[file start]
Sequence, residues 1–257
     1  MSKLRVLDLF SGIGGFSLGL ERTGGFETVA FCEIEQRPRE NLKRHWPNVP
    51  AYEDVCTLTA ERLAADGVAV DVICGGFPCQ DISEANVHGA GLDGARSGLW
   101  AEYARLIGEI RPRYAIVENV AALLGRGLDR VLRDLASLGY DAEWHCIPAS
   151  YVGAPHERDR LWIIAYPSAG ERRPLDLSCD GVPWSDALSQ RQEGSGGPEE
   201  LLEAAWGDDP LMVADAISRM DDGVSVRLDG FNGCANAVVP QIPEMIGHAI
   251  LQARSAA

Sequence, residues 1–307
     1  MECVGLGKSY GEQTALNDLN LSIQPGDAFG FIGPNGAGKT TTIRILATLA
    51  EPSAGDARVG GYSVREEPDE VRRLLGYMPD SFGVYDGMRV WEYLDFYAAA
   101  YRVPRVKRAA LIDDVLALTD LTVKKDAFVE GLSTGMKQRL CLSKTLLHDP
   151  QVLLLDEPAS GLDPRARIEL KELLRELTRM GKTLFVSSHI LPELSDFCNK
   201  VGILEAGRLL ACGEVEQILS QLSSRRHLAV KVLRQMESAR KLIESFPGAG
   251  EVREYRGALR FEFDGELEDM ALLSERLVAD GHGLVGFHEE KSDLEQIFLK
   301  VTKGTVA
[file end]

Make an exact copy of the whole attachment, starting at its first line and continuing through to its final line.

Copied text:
Sequence, residues 1–257
     1  MSKLRVLDLF SGIGGFSLGL ERTGGFETVA FCEIEQRPRE NLKRHWPNVP
    51  AYEDVCTLTA ERLAADGVAV DVICGGFPCQ DISEANVHGA GLDGARSGLW
   101  AEYARLIGEI RPRYAIVENV AALLGRGLDR VLRDLASLGY DAEWHCIPAS
   151  YVGAPHERDR LWIIAYPSAG ERRPLDLSCD GVPWSDALSQ RQEGSGGPEE
   201  LLEAAWGDDP LMVADAISRM DDGVSVRLDG FNGCANAVVP QIPEMIGHAI
   251  LQARSAA

Sequence, residues 1–307
     1  MECVGLGKSY GEQTALNDLN LSIQPGDAFG FIGPNGAGKT TTIRILATLA
    51  EPSAGDARVG GYSVREEPDE VRRLLGYMPD SFGVYDGMRV WEYLDFYAAA
   101  YRVPRVKRAA LIDDVLALTD LTVKKDAFVE GLSTGMKQRL CLSKTLLHDP
   151  QVLLLDEPAS GLDPRARIEL KELLRELTRM GKTLFVSSHI LPELSDFCNK
   201  VGILEAGRLL ACGEVEQILS QLSSRRHLAV KVLRQMESAR KLIESFPGAG
   251  EVREYRGALR FEFDGELEDM ALLSERLVAD GHGLVGFHEE KSDLEQIFLK
   301  VTKGTVA